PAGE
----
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An eye for an eye. An iPhone for a cup of tea.

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Our car, like most cars, has a cup holder. It's just next to the gear stick. I don't use it all that often, but when I do bring something with me to drink in the car, it's a life saver. When I don't have a beverage with me, I usually place my iPhone in the cup holder instead.

The other night, like most nights, I drove to my wife's office to pick her up from work. I had a few minutes to spare, so I bought a cup of 'Chinese café' tea 茶餐廳奶茶. When my wife came out of the office, I placed the tea into the cup holder and we began our drive home.

Clouds in my iPhone

After 'repairing' my iPhone, the LCD unfortunately looked like this. The anomalies do however appear to be fading away. With any luck, the screen will be nearly as good as new in a few days time.

Almost home, I handed my iPhone to my wife to show her something. When she handed it back to me, I absentmindedly placed the iPhone back into the cup holder. It was almost a full minute later before I realised that I had in fact placed the iPhone into half a cup of tea. I quickly pulled it out and my wife wiped it off, but...

Back home, I wiped the phone again and sprayed it with vinegar (what was I thinking!!!) hoping to drain the tea out of the iPhone. It didn't work, and later that night, the iPhone began showing the first signs of infection. It repeatedly thought that an unrecognised accessory was connected to the dock connector, and it was no longer possible to synchronise the iPhone with my Mac. The Home button also failed to respond to my repeated presses.

The next day, I took the iPhone in to the local Three repair centre. They noted that the connector had changed colour indicating that water was involved, and took the iPhone to their technician to quote the repair. The quote? HK$5,400!!! Why? Because Three are not authorised to repair the iPhones, only to replace them under warranty. If you damage your iPhone (here in Hong Kong at least), you have little choice but to buy a new one.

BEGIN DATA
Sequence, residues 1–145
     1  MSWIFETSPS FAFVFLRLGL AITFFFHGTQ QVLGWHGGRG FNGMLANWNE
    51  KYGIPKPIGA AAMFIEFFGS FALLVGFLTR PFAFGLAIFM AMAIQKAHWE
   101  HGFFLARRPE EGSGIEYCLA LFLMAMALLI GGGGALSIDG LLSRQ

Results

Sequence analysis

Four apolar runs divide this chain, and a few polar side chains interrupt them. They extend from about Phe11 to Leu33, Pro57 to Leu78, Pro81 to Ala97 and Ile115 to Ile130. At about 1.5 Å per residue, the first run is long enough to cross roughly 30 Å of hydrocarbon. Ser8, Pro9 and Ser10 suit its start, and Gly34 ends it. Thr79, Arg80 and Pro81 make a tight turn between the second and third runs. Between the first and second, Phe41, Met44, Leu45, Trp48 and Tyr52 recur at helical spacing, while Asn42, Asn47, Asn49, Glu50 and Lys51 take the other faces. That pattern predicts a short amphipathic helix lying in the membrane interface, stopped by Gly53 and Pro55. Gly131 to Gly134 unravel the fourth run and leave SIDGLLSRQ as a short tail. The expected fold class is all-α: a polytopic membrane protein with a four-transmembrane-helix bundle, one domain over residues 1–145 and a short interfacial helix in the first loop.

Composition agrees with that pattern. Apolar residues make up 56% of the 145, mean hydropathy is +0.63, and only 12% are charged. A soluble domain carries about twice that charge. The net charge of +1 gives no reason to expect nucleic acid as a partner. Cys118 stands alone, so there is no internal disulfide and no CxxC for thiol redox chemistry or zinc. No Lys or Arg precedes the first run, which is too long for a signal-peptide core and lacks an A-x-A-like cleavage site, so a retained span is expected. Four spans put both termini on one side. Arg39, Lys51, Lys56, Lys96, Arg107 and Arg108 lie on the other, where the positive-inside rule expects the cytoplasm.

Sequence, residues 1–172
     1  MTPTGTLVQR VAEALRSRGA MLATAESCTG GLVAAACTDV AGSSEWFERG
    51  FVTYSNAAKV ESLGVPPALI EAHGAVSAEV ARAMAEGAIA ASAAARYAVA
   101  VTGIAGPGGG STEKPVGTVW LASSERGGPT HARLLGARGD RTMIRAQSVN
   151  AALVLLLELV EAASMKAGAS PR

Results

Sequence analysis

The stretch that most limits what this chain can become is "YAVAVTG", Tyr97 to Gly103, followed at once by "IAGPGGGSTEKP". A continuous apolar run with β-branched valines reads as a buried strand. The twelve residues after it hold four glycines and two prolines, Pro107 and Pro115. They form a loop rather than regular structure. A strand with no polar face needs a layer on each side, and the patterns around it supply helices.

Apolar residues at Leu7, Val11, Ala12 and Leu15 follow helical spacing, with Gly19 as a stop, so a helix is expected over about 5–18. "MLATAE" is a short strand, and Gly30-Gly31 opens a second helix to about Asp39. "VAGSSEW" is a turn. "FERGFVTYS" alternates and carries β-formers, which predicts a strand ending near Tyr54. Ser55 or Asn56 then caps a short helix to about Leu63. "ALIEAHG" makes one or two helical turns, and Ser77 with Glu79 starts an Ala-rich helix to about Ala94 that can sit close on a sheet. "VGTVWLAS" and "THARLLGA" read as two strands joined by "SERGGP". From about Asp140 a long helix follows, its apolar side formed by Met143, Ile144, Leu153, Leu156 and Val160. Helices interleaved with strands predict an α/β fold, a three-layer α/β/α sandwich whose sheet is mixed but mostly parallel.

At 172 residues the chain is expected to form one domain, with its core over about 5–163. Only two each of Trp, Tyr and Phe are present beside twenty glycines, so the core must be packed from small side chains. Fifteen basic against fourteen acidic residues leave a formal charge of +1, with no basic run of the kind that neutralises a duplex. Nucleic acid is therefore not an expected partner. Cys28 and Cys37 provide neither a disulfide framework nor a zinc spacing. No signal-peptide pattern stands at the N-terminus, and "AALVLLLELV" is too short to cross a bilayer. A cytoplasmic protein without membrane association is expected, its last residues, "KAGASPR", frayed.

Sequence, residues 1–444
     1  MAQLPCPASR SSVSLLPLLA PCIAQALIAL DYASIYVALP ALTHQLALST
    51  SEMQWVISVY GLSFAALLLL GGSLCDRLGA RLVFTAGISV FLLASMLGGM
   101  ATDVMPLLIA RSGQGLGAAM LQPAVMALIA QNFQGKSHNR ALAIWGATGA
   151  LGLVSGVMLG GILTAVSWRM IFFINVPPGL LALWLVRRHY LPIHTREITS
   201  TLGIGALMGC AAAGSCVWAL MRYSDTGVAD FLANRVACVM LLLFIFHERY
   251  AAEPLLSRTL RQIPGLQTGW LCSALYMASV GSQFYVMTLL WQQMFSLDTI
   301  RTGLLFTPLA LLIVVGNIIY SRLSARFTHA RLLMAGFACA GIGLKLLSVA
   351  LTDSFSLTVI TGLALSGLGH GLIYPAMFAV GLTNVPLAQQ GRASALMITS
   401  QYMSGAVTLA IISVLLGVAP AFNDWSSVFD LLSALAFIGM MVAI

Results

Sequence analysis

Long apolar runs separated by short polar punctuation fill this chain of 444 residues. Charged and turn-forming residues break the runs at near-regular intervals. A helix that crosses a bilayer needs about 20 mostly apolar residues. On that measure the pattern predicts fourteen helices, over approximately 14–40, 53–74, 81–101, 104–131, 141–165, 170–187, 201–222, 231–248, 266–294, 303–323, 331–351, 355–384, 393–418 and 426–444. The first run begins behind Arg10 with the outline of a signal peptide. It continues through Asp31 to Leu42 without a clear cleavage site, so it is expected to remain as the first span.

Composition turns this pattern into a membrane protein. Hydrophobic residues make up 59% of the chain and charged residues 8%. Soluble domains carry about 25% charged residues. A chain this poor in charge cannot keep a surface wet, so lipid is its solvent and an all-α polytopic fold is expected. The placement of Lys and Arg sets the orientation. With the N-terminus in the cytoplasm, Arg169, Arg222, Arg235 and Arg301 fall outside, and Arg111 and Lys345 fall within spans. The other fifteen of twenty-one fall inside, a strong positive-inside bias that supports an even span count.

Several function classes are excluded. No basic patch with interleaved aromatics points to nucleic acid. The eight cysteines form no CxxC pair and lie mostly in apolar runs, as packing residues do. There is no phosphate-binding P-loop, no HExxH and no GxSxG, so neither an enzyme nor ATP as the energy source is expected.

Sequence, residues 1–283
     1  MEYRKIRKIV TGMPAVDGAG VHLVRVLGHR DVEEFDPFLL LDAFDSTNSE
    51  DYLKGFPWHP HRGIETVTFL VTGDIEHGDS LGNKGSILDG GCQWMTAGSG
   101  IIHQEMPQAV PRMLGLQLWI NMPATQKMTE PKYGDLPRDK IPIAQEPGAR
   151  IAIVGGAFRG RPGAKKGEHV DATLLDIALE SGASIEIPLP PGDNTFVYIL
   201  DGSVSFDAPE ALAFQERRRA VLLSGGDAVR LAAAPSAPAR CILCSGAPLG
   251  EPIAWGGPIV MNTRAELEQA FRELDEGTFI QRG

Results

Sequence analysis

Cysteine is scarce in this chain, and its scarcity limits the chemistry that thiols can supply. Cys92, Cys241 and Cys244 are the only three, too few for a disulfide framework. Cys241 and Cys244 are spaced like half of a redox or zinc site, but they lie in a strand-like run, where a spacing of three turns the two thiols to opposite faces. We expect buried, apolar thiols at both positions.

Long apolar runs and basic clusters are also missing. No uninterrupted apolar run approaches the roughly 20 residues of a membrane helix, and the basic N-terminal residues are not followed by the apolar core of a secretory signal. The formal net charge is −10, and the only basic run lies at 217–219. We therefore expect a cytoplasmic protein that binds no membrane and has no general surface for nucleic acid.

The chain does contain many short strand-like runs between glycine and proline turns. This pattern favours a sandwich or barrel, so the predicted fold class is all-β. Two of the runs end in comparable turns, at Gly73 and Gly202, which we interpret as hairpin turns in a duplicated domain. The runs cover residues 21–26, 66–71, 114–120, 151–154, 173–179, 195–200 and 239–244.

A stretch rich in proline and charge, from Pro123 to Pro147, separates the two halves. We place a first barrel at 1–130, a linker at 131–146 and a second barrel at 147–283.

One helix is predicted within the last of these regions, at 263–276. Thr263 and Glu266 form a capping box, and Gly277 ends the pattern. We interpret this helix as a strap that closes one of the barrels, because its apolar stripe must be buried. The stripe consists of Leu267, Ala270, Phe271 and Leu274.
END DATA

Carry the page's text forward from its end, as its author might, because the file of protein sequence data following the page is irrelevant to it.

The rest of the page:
In my case, I found it extremely unreasonable that I would have to buy a new iPhone because the old one had sustained a little water (tea) damage, and I cannot afford to buy another one at $5,400. So I went online and searched for other similar stories. What I found were a couple of instruction videos on YouTube showing how to disassemble the iPhone. Since Three were not going to fix my iPhone, my only choice was to attempt the repair myself, hoping that it was a case of shorting wet contacts within the iPhone.

A few hours later, after 3 or 4 attempts, I had finally cleaned and wiped the inside of the iPhone, and found the source of the connector problem; tea had gathered around the the ribbon connection for the connector assembly. Using an electric toothbrush, I carefully cleaned both sides of the connection (twice because the first try wasn't successful) and put everything back together. My iPhone is now working.

Unfortunately, because I'm not a professional, I made mistakes while 'repairing' the iPhone. My biggest mistake was introducing alcohol (95%) to the LCD screen while cleaning the Home button. The LCD now has a permanent background resembling a cumulus nimbus cloud formation. Nothing I can do about it at this point. At least the iPhone works, and is almost perfect again. The next time I visit the States, I might send the iPhone in to one of the online third-party repair centres to have the LCD replaced; a cost of approx USD$50 to $80, much much less than the cost of a new iPhone!

The lesson to be learned from this story? Be very very careful with your iPhone. If you damage it in any way, no matter how minor, you might find yourself paying full price to 'fix' it.